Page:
New Revolutions is curated by Liza Essers and will take place throughout the month of June at our Johannesburg and Cape Town galleries, and with a special selection of works for Art Basel from 16 June to 19 June.
Goodman Gallery Cape Town
23 July – 29 August
Broomberg & Chanarin / Carla Busuttil / Nolan Oswald Dennis / mounir fatmi / Kendell Geers / David Goldblatt / Haroon Gunn-Salie / Alfredo Jaar / William Kentridge / Kapwani Kiwanga / Liza Lou / Gerald Machona / Lorna Simpson / Mikhael Subotzky / Hank Willis Thomas / Jeremy Wafer
Edge of Silence is a group show featuring artwork by some of Goodman Gallery’s leading contemporary artists.
The title is taken from a light box with transparency created by Alfredo Jaar that illuminates the words ‘OTHER PEOPLE THINK’, a quote from the youthful writings of John Cage in which Cage “affirms silence as an opportunity to learn what other people think.” Jaar’s light box follows this practice with a kind of silence opens up a space for listening by disrupting our thoughts and perceptions, inviting us to step outside ourselves.
Sleeping, a recurring motif in Kentridge’s work, is used as a metaphor for a state of self-imposed blissful ignorance in which the outside world may be forgotten as the sleeper closes herself off into her internal world. This notion, coupled with the fragility and transparency of glass, evokes a dangerous situation leading to a painful, if not actually destructive, moment of awakening and recognition in Kentridge’s series of prints Sleeping on Glass.
Liza Lou’s Untitled bead canvases emphasize repetition, formal perfection, and materiality, but thrives on the tension between silent beauty and the presence of traces of bodily residue in the beaded strips that establishes many of the social themes, such as uncelebrated women’s work, that underpin her work.
Works on exhibition reference cultural moments and artistic practice that is at times interrogative, celebratory, or a means of bearing witness. Yet in all instances they complicate and remediate so as to bring about a new framework for understanding or experiencing that which exists already.
Artists include Adam Broomberg and Oliver Chanarin, Carla Busuttil, Nolan Oswald Dennis, Mounir Fatmi, Kendell Geers, David Goldblatt, Haroon Gunn-Salie, Kapwani Kiwanga, Liza Lou, Gerald Machona, Lorna Simpson, Mikhael Subotzky, Hank Willis Thomas, and Jeremy Wafer.
GOODMAN GALLERY JOHANNESBURG 28 JANUARY – 26 FEBRUARY 2015
CANDICE BREITZ / ADAM BROOMBERG AND OLIVER CHANARIN / NOLAN DENNIS / MOUNIR FATMI / KENDELL GEERS / DAVID GOLDBLATT/ HAROON GUNN SALIE/ ALFREDO JAAR / MOSHEKWA LANGA / WILLIAM KENTRIDGE / LIZA LOU / MIKHAEL SUBOTZKY /
“Imagine them reconstructing the conceptual framework of our cultural moment from those fragments. What are the parameters of that moment, the edge of that framework?” K Eshun (2003)
Other People’s Memories is a group show which explores the ways in which history and memory exist in the process of making, as well as the process of viewing, and by extension, the relationship between the artist, the artwork and the viewer.
The works included in the exhibition are the result of the artists’ relationship to something which has already happened, so that the artwork becomes an act of insertion, where the artists’ personal history becomes part of the historical, social or cultural moment which is referenced. In some instances the physical presence of the artists and their surroundings is consciously transferred to the artwork.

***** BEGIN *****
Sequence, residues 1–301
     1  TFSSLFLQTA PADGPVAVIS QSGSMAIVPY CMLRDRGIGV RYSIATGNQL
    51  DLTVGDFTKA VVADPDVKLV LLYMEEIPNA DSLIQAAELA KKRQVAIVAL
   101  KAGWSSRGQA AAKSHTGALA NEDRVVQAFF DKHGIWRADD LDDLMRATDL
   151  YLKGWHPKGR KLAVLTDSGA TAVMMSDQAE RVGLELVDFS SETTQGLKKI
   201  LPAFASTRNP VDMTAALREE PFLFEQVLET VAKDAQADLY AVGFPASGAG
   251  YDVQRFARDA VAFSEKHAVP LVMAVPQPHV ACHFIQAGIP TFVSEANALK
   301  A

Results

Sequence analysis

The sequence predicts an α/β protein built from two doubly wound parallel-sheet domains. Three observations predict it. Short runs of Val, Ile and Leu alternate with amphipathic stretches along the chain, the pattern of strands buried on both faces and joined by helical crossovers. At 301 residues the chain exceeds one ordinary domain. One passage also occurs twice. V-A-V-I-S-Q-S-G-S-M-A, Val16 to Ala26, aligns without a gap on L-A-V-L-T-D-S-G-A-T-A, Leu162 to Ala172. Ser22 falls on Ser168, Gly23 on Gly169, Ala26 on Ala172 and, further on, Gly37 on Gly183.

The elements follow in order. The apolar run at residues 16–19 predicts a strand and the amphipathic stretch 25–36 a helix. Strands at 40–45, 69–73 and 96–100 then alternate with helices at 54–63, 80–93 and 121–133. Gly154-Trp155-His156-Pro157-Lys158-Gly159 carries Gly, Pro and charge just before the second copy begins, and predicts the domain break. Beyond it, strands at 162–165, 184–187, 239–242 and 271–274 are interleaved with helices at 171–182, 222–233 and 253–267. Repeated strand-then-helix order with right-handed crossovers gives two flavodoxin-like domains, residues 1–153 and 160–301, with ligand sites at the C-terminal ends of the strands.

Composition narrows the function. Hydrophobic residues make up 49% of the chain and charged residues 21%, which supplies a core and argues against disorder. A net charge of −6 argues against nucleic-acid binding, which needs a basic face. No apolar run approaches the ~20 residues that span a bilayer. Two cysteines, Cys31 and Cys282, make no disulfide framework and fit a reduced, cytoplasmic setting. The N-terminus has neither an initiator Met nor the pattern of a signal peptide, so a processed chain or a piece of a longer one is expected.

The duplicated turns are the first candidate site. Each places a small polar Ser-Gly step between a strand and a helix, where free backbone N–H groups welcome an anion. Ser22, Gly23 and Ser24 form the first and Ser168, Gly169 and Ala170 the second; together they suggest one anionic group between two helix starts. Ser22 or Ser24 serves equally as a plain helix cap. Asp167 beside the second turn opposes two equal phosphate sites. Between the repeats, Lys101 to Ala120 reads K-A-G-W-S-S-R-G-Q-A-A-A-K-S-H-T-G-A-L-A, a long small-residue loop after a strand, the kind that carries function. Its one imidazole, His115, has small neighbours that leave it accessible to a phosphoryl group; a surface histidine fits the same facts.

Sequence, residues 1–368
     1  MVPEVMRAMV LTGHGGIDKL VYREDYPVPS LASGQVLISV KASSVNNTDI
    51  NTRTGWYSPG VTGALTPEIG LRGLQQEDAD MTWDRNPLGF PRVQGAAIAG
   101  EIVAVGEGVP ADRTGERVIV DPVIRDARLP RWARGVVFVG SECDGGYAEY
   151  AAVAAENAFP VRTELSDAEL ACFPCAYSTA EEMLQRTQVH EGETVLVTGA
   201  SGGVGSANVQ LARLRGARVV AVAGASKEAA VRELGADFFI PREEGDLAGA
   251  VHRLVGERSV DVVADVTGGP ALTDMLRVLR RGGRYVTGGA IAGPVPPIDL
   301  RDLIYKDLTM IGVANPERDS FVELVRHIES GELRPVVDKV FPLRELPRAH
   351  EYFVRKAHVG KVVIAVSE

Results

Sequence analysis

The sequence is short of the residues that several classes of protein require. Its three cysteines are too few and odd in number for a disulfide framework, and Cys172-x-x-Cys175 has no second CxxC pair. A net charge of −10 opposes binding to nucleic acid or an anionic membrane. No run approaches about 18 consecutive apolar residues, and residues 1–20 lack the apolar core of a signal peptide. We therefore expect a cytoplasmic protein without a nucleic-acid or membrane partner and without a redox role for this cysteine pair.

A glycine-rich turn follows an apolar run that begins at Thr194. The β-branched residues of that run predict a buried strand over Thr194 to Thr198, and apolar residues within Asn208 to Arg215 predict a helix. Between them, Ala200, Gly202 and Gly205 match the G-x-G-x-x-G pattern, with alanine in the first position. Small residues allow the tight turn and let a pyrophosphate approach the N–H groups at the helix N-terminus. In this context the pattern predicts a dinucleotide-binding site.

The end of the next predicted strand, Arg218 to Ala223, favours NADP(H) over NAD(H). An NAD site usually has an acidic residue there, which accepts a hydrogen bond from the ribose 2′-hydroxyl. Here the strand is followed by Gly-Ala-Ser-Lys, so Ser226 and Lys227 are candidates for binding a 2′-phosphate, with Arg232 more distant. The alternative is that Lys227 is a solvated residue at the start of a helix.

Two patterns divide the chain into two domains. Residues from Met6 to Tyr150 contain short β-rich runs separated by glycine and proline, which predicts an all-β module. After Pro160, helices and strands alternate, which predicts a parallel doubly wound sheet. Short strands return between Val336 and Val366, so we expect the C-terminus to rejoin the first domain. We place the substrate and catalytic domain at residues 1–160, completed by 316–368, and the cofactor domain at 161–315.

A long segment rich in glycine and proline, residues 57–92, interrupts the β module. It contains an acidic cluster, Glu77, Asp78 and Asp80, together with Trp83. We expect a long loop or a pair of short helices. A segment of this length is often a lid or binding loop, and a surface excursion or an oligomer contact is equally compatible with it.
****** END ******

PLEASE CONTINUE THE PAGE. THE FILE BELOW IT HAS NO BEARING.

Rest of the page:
In Moshekwa Langa’s drawings, the artist uses string, tape and paint to map his memories and encounters. He includes domestic items like salt and wine, which he works into the fibrous paper and permeable string, so that the marks he makes are made viscerally – making overt the artist’s physical presence.
Transferral and human presence is also evoked in the beaded canvases of Liza Lou, who along with her team of skilled Zulu woman beaders, produces visual meditations on imperfect artistic production. The canvases retain traces of sweat, dirt and even blood which are testament to the fragile delicacy of her production and become a site of memory, recording the long struggle and sublime discomfort involved in the act of making.
Mikhael Subotzky’s work Sticky Tape Transfer 03 is formed through a process, developed by the artist, whereby adhesive tape is applied and then removed from images that feature in the artist’s personal history. In this delicate process, the tape picks up pigments and fragments of the original image so that a replica is formed. The pigments and fragments from the image are not all that is transferred onto the tape: dust and grime from the studio also become trapped in the glue, so that the image is made up not only of itself but also from the physical surroundings of the artist. Subotzky’s images then, become a meditation on memory itself. Like Subotzky’s transfers, a memory – each time it is evoked – is revised. Some parts are forgotten and left behind with the splinters and fragments of context replacing them.
The physical presence of the maker is made apparent in Kendell Geers’ work Foiled – where the artist has imprinted a religious figurine of Christ on the Cross on a large sheet of tin foil. Due to the delicate nature of the tin foil, the dents and folds deliberately made by the artists to demarcate the indented image are not the only marks on the material. As Geers manipulates the tin foil to create the image at its centre, his movement is picked up by the material so that the foil retains not only a visual “memory” of the devotional object but also a memory of how it came to be. The exhibition also allows for an exploration of how the artwork exists not only as something which contains the artists’ personal history – which happens in the process of making – but also how the viewer’s own history is projected onto the referred moment during the process of viewing and interpreting. Nolan Oswald Dennis’ work Tunnel 001 investigates the use of fire and what the artist terms “civil burnings” in the historical formation of South Africa.